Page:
Pristine flowers early in the season
Bergenia ‘Bressingham White’ is treasured for pristine white bunches of flowers in late winter and early spring. The snow white heads sparkle against vivid foliage colours in this valuable early season flowering.
‘Bressingham White’ is renowned as being one of the most prolific blooming of all the Bergenias. The bell shaped flowers are tightly clustered in heads on strong, 35cm. stems. So they show so well above the thick carpets of lovely foliage.
It is an historic variety, but has never been bettered where a white flowered Bergenia is needed.
While the flowers are lovely – it is really all about the foliage
Vivid winter foliage colours are a special treat.
Bergenia leaves remain evergreen all year, but really become a wonderful colour feature in winter. Cold weather promotes a symphony of reds, burgundies and plum shades, and they simply revel in frost. Cold weather and poor soil conditions bring out the colour even more beautifully.
During the warm months the handsome leaves are deep green, glossy, and leathery tough. Heart shaped leaves form neat handsome rosettes.
Bergenias are renowned for their toughness and hardiness in far from ideal conditions.
Tough & tolerant of a wide range of conditions
Part Shade to Full Shade is best though not essential. Bergenia are very hardy, and often chosen for Dry Shade or Deep Shade gardens. They cope extremely well under big old trees and shrubs.
However they are tough enough to also grow in Sun, though the leaves will not be as large or lush, and may scorch. They much prefer shade in hot areas, where they can tolerate periods of dry very well.
Poor soil & seaside – anything goes
Bergenia accept a wide range of soils, including poor soil. They are happy in soils from sandy to clay, with pH from acid to alkaline lime. Prime performance is in humus rich soil with average, normal moisture, but they really don’t mind much if you cannot provide.
They are a wise choice for seaside and coastal gardens, as the leathery, waxy leaves make them tolerant of salt laden winds.
Bergenia are not thirsty plants, and can tolerate periods of dry very well because they have such fleshy, robust root systems to store water and nutrients effectively.
Tough, weed suppressing ground-cover
Bergenia look wonderful planted as a ground-cover carpet. Several plants massed can completely cover the ground surface with lush foliage, so weeds are blocked. Bergenia is not invasive.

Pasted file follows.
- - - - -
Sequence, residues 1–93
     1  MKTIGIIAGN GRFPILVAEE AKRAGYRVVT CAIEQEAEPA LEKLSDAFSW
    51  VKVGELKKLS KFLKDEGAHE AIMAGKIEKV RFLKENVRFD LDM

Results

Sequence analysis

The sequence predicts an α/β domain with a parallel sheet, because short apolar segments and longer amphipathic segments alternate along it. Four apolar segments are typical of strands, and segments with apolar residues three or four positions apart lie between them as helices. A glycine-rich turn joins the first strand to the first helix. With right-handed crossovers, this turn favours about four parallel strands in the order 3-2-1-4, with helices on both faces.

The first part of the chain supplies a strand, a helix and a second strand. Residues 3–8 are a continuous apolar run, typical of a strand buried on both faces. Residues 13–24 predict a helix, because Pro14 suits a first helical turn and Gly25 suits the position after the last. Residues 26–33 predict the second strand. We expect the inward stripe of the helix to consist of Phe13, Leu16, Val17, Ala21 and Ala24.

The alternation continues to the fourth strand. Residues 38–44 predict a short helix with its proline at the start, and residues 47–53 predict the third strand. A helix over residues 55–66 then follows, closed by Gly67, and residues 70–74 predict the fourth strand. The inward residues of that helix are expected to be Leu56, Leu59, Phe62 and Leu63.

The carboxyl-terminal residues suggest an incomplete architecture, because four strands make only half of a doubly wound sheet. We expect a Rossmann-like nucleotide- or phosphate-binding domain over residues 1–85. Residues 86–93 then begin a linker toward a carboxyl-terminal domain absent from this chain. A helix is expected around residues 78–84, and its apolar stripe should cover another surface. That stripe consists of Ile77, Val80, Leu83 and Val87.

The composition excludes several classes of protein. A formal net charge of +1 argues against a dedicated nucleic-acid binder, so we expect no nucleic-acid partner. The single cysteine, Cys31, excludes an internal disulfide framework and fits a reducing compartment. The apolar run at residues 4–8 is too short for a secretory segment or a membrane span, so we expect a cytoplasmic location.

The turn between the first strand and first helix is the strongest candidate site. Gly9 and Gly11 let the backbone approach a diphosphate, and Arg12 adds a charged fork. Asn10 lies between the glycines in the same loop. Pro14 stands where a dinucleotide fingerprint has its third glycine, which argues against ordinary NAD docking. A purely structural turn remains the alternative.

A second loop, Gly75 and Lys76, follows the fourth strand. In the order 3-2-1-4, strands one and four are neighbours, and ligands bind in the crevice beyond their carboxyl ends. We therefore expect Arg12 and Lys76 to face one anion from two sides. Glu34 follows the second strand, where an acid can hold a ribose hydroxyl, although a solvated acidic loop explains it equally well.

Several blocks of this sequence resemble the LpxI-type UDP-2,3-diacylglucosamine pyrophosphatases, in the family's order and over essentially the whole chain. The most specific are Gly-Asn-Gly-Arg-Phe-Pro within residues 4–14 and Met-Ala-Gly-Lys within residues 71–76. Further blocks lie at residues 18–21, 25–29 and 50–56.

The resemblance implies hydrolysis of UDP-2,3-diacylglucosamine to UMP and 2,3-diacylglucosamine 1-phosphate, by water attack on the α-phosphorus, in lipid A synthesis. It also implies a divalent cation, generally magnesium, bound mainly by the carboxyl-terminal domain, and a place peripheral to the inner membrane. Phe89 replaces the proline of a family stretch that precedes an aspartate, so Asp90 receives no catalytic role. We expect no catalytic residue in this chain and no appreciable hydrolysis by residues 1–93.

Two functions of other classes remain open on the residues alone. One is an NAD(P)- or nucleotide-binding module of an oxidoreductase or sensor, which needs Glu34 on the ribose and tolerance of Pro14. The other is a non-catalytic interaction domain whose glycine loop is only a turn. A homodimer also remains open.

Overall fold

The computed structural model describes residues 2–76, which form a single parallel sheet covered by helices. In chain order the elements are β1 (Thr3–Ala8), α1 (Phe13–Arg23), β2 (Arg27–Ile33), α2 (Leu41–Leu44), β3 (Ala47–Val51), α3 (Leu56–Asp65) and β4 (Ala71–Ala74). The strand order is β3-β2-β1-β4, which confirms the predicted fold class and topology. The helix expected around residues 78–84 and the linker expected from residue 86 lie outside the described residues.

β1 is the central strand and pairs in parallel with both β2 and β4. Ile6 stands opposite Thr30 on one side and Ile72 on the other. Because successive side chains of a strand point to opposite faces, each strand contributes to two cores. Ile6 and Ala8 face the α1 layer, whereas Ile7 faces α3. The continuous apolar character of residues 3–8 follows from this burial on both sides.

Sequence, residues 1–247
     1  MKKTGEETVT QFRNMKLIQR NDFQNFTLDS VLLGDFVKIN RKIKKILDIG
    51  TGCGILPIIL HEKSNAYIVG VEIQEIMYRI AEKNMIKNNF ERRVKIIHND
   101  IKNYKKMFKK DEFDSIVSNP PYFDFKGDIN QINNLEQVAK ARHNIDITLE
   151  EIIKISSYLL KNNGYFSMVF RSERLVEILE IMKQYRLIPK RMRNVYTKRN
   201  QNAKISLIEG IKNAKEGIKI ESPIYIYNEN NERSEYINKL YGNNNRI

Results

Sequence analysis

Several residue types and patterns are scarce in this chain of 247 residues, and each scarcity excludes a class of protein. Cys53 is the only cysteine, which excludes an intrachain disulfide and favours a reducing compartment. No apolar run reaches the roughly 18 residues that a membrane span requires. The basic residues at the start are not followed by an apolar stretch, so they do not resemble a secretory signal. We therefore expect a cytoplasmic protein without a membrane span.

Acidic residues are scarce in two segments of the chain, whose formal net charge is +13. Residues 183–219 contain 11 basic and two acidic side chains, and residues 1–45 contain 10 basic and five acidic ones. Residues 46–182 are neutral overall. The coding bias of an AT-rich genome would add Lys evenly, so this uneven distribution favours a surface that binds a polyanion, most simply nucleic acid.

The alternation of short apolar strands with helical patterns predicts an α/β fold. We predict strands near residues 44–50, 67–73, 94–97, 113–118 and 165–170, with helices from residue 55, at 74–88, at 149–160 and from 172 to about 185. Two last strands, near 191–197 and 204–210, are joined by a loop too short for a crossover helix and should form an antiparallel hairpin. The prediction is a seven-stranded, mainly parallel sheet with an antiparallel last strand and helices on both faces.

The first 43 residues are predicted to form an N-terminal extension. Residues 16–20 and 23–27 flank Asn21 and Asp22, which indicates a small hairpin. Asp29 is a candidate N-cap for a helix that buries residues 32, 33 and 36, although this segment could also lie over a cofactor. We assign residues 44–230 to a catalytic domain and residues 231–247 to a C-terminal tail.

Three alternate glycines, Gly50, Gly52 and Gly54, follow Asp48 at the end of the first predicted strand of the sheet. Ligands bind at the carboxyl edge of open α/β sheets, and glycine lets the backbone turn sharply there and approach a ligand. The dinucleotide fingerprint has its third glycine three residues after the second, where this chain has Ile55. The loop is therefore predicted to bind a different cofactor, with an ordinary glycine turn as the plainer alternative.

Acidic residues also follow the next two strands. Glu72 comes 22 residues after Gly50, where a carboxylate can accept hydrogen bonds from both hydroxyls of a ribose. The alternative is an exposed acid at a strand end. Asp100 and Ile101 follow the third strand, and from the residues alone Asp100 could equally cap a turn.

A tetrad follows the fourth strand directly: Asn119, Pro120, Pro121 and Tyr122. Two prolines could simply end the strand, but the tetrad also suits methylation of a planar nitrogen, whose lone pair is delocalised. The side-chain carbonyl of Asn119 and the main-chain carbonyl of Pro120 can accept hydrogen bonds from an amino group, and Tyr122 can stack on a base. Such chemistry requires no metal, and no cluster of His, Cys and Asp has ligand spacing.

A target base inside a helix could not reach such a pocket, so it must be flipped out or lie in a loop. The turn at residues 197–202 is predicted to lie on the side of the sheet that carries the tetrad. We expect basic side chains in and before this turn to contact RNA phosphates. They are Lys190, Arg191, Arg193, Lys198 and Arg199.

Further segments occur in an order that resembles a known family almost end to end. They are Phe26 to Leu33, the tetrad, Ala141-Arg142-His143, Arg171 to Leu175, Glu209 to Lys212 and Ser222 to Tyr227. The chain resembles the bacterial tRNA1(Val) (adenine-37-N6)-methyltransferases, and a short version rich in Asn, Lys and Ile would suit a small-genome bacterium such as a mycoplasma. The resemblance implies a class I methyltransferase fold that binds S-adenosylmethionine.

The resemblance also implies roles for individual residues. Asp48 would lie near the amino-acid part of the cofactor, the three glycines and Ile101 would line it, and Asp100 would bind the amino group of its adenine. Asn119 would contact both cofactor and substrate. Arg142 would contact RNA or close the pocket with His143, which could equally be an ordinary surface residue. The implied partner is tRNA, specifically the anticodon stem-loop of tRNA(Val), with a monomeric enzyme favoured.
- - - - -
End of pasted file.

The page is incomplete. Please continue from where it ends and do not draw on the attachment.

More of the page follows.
Solid root systems make Bergenia indispensable as binding plants for banks and slopes in shaded areas where they can effectively bind the soil from slipping. While the complete foliage cover means you don’t have to be down on hands and knees weeding on the slope.
Low maintenance & undemanding
Bergenia are very low maintenance plants, needing little if ever attention, so again no need for you to go scrambling about on the slope. A tidy up after winter is all the maintenance required (and they won’t care if you forget).
They are renowned as being undemanding, and virtually disease and pest free.
Where to use in the garden
Bergenia are a wise choice for planting under trees and shrubs; in dry shade or deeply shaded gardens; on banks and slopes that need a binding groundcover; as an evergreen edge for a shaded garden or path; and gravel gardens. They are a traditional choice for decorative pots and urns because of their tough health, interest all year round, and lush look despite poor conditions.
They look marvellous mixed with hostas as foliage contrast.
Lovely in garden & vase
Both the showy flower Heads, and the beautiful leaves, make excellent cut flowers for vases indoors.
– Height with flowers: 35cm. approx.
– Width: 60cm. approx.
– Position: Part Shade to Full Shade is best. However they are tough enough to grown in Sun, though the leaves will not be as large or lush, and may scorch. They put up a very creditable performance almost anywhere, including Dry Shade.
– Soil: Accept a wide range of soils, from sandy to clay, with pH from acid to alkaline lime. Prime performance is in humus rich soil with average, normal moisture. They are not thirsty plants, and can tolerate periods of dry very well because they have such fleshy, robust root systems which store water and nutrients effectively.
– Fragrance: Most Bergenia, including ‘Bressingham White’ have little or no scent.
– Frost: Very frost hardy and resilient. Cold temperatures and poor soil brings out even better winter foliage colours.
– Growth: Evergreen perennial.
– Beneficial for wildlife: Abundant flowers that are rich in pollen and nectar are a big help to bees and butterflies in the late winter and early spring, when other flowers.
– Care: Very low maintenance, hardy and easy.
– Deer & Rabbit resistant: The leathery leaves are not attractive to rabbits or deer.
– Origin: Bergenia hail from the east, from central Asia, Afghanistan and China, where they grow in woodlands and rocky outcrops.
– Myths & Legends: Bergenia has acquired many common names, but one of the most unusual must surely be “pig squeak”, because of the noise produced when you rub a leaf between thumb and finger. Kids love it.
Other common names include “elephant’s ears” – referring to the shape of the leaves, and “red hearts” – referring to the vivid winter colours of the leaves, as well as ‘heart leaf’ for obvious reasons.
The Bergenia genus is named after German botanist and physician Karl August von Bergen who was a great plant collector and author.
‘Bressingham White’ was a particular favourite of that marvellous plantwoman, Beth Chatto, as well as Edwardian garden designer Gertrude Jekyll. Neither imposing lady would have ever tolerated a plant that was not a top performer.